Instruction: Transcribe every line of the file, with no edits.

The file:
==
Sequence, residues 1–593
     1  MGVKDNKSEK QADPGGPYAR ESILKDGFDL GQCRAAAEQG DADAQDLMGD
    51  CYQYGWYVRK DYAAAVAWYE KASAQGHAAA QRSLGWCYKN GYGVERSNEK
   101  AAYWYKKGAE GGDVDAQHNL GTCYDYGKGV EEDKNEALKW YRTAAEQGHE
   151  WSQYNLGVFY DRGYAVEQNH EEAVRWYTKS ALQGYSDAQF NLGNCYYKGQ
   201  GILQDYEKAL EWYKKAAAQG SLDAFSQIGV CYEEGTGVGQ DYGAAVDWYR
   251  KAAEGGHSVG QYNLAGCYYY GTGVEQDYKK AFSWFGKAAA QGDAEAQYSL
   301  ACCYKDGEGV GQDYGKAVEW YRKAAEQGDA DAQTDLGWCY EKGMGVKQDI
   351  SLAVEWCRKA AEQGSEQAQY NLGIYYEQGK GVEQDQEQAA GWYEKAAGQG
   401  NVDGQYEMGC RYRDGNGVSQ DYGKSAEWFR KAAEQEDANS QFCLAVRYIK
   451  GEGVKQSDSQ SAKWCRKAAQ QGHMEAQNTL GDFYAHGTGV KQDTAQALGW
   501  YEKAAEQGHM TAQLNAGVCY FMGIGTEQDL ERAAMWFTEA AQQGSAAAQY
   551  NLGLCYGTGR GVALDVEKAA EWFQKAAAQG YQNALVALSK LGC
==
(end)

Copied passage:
Sequence, residues 1–593
     1  MGVKDNKSEK QADPGGPYAR ESILKDGFDL GQCRAAAEQG DADAQDLMGD
    51  CYQYGWYVRK DYAAAVAWYE KASAQGHAAA QRSLGWCYKN GYGVERSNEK
   101  AAYWYKKGAE GGDVDAQHNL GTCYDYGKGV EEDKNEALKW YRTAAEQGHE
   151  WSQYNLGVFY DRGYAVEQNH EEAVRWYTKS ALQGYSDAQF NLGNCYYKGQ
   201  GILQDYEKAL EWYKKAAAQG SLDAFSQIGV CYEEGTGVGQ DYGAAVDWYR
   251  KAAEGGHSVG QYNLAGCYYY GTGVEQDYKK AFSWFGKAAA QGDAEAQYSL
   301  ACCYKDGEGV GQDYGKAVEW YRKAAEQGDA DAQTDLGWCY EKGMGVKQDI
   351  SLAVEWCRKA AEQGSEQAQY NLGIYYEQGK GVEQDQEQAA GWYEKAAGQG
   401  NVDGQYEMGC RYRDGNGVSQ DYGKSAEWFR KAAEQEDANS QFCLAVRYIK
   451  GEGVKQSDSQ SAKWCRKAAQ QGHMEAQNTL GDFYAHGTGV KQDTAQALGW
   501  YEKAAEQGHM TAQLNAGVCY FMGIGTEQDL ERAAMWFTEA AQQGSAAAQY
   551  NLGLCYGTGR GVALDVEKAA EWFQKAAAQG YQNALVALSK LGC